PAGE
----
It appears to me most Christians hold that “belief in something” is a matter of choice. As if one who does not believe in Jesus, for example, can simply make the decision to believe and then it is so.
Am I the only one who thinks this notion is absurd?
Yet the way I hear it described, on pulpits and stages from Christian leaders, is nothing short of exasperating. “Just believe” or “just have faith” or “if you just put your faith in Jesus, right now, then…”
It’s clear to me that people who use these cliches are themselves quite insulated within the Christian bubble to the point that they have been rendered benign, or worse, malignant towards their own cause.
Here is a question for Christians: Is it within your power to believe that Jesus is a mythical figure? Go on and try it. You can always change your mind and “re-decide back” again later, right? No harm, no foul.
It’s not so fun when it’s aimed at us, is it.
Here are the things, as I see them, that are within our control to choose. And these are aimed at both Christians and non-Christians alike:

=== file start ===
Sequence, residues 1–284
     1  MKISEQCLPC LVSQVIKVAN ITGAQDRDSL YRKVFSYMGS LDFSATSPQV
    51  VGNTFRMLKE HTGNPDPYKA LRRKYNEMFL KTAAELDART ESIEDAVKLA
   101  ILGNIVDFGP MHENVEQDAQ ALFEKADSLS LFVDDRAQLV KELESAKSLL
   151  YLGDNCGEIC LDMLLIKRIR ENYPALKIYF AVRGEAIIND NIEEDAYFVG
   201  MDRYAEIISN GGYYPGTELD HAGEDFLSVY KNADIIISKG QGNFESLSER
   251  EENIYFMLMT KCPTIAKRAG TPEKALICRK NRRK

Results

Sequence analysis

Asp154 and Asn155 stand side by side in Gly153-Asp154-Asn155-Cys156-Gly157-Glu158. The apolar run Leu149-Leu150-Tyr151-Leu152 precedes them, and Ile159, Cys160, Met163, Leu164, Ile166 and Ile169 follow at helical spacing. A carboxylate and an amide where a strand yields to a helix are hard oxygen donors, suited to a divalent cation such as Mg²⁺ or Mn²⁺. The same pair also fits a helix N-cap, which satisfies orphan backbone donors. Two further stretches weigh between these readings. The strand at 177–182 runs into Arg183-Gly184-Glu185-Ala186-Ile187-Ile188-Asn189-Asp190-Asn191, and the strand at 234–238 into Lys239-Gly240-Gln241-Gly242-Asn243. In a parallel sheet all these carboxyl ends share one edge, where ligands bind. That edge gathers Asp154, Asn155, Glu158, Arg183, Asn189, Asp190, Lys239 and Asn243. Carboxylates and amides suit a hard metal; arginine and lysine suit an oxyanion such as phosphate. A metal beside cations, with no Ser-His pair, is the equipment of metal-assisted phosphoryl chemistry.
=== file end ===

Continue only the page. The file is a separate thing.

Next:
- Respect towards the world-views of others.
- Seeking to understand first.
- Honest investigation.
- A fully explored curiosity.
Here’s a good one, how about:
- Having the sort of open mind that you expect of others.
This is intellectual integrity 101, by the way.
We cannot choose what we believe. But we can choose to dignify the people in our lives regardless of where they stand with respect to spiritual matters. We can choose to immerse ourselves into environments where we will have the opportunity to understand each other fully.
Sometimes, this genuinely expressed form of relationship will help manifest into a changed mind. Sometimes it won’t.
In the meantime, however, let’s stop expecting the impossible. That a person can simply change what they believe at their own discretion.